NASA’s newest Mars probe, called MAVEN, has successfully entered its designated orbit around the Red Planet. Scientists will use its sophisticated instruments to try to learn what happened to the atmosphere Mars had a few billion years ago. VOA’s George Putic has more.
Video

Video For West Ukraine City, Conflict Far Away Yet Near

The western Ukrainian city of Lviv prides itself on being both physically and culturally close to Western Europe. The Russian-backed separatists in the eastern part of the country are 1,200 kilometers away, and seemingly even farther away in their world view. Still, as VOA’s Al Pessin reports, the war is having an impact in Lviv.
Video

Video Saving Global Fish Stocks Starts in the Kitchen

With an estimated 90 percent of the world’s larger fish populations having already vanished, a growing number of people in the seafood industry are embracing the concept of sustainable fishing and farming practices. One American marine biologist turned restaurateur in Thailand is spreading the word among fellow chefs and customers. VOA Correspondent Steve Herman reports from Bangkok.
Video

Video Chinese Admiral Key in China’s Promotion of Sea Links

China’s President last week wrapped up landmark visits to India, Sri Lanka and Maldives, part of a broader campaign to promote a new “Maritime Silk Road” in Asia. The Chinese government’s promotion efforts rely heavily on the country’s best-known sailor, a 15th century eunuch named Zheng He. VOA's Bill Ide reports from the sailor’s hometown in Yunnan on the effort to promote China’s future by recalling its past.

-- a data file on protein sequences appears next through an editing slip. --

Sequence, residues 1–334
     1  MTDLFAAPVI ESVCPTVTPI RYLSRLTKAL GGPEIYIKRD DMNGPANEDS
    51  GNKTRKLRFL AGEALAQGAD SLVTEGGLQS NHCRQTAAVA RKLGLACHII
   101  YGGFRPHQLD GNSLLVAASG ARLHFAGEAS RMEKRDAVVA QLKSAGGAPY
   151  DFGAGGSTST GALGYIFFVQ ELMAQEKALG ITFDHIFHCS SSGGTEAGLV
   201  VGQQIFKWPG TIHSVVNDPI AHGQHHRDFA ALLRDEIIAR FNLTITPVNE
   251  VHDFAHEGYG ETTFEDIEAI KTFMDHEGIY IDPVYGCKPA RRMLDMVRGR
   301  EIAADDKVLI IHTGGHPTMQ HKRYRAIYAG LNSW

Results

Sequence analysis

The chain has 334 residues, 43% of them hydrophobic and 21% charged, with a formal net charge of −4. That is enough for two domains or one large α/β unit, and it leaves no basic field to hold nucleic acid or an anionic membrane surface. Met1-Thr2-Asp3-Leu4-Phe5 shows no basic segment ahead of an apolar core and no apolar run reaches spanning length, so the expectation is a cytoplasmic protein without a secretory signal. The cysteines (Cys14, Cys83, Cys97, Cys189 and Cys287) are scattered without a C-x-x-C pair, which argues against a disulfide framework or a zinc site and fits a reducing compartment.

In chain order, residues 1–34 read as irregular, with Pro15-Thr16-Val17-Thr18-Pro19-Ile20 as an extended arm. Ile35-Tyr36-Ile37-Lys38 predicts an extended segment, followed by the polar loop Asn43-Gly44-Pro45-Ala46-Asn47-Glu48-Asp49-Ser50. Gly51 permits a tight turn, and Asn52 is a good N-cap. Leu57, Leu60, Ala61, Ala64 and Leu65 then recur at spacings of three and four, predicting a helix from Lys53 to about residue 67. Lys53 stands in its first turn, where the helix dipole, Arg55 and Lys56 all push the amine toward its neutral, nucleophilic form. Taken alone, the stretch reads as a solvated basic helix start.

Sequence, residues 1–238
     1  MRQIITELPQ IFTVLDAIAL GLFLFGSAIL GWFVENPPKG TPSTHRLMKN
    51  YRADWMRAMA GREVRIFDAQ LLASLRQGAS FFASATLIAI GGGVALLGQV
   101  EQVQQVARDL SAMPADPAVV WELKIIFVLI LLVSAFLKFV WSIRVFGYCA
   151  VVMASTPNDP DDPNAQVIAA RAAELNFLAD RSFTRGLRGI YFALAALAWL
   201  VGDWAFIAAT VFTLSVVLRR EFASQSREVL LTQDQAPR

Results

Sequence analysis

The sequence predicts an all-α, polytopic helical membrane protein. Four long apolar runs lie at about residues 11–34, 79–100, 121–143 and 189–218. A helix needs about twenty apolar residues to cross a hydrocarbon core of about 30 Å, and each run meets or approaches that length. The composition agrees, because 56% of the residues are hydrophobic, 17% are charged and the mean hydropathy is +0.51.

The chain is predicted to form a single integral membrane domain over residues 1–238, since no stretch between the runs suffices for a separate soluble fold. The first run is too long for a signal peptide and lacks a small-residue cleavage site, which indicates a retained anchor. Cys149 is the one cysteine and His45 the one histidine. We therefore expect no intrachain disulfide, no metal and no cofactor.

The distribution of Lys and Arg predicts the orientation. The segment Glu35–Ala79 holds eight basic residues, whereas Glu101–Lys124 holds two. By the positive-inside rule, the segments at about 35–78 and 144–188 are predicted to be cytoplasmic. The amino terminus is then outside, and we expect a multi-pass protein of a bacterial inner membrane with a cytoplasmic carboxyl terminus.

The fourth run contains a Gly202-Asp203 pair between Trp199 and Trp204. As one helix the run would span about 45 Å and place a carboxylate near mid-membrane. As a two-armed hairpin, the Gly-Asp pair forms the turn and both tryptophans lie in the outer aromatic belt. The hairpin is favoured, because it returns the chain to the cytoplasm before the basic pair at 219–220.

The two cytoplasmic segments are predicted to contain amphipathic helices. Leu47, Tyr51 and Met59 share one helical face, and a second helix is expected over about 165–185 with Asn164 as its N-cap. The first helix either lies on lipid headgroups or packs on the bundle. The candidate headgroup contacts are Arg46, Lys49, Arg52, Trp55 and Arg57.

Video

Video Experts Fear Ebola Outbreak ‘Beyond Our Capability to Contain’

Each day brings with it new warnings about the deadly Ebola outbreak already blamed for killing more than 2,600 people across West Africa. And while countries and international organizations like the United Nations are starting to come through on promises of help for those most affected, the unprecedented speed with which the virus has spread is raising questions about the international response. VOA's Jeff Seldin has more from Washington.
Video

Video Natural Gas Export Plan Divides Maryland Town

A U.S. power company that has been importing natural gas now wants to export it. If approved, its plant in Lusby, Maryland, would likely be the first terminal on the United States East Coast to export liquefied natural gas from American pipelines. While some residents welcome the move because it will create jobs, others oppose it, saying the expansion could be a safety and environmental hazard. VOA’s Deborah Block examines the controversy.